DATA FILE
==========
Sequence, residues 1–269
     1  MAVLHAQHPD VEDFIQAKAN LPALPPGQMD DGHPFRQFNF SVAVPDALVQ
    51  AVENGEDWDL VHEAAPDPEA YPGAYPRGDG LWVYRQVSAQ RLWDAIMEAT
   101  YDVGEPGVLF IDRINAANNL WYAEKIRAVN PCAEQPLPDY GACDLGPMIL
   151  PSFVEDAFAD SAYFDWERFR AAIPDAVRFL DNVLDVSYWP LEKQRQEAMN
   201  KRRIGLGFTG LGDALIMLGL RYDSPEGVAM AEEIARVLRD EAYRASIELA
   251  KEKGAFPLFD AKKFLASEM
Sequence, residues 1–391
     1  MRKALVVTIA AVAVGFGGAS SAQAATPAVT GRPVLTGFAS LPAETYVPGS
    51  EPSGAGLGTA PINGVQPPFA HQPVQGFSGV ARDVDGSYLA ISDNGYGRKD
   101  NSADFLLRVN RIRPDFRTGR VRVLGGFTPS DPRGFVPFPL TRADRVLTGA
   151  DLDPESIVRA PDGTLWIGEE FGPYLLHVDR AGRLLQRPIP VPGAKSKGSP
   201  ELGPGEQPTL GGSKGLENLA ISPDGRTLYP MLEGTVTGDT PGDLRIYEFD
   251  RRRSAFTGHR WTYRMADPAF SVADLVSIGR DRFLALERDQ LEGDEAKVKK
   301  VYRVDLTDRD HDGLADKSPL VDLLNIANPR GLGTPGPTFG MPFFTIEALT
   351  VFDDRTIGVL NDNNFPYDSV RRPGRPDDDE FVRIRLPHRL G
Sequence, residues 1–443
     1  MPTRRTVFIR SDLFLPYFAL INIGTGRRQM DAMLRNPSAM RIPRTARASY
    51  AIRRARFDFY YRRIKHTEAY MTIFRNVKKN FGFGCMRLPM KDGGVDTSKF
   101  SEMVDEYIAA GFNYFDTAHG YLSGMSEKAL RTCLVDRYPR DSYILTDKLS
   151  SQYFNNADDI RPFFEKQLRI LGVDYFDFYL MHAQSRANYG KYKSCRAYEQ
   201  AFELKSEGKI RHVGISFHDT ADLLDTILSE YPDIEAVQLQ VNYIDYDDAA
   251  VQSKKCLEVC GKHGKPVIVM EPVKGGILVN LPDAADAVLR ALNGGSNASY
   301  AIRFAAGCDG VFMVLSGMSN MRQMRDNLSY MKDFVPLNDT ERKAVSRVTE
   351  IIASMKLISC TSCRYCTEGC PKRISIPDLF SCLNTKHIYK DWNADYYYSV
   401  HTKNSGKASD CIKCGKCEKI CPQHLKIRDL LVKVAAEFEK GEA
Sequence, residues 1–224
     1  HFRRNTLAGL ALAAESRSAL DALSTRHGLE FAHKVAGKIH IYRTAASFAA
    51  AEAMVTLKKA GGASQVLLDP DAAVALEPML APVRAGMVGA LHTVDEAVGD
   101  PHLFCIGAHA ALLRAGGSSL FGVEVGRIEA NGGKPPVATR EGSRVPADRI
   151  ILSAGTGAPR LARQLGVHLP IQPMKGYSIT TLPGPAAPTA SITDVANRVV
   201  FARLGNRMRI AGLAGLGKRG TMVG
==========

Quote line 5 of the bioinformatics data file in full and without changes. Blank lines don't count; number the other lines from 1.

   151  PSFVEDAFAD SAYFDWERFR AAIPDAVRFL DNVLDVSYWP LEKQRQEAMN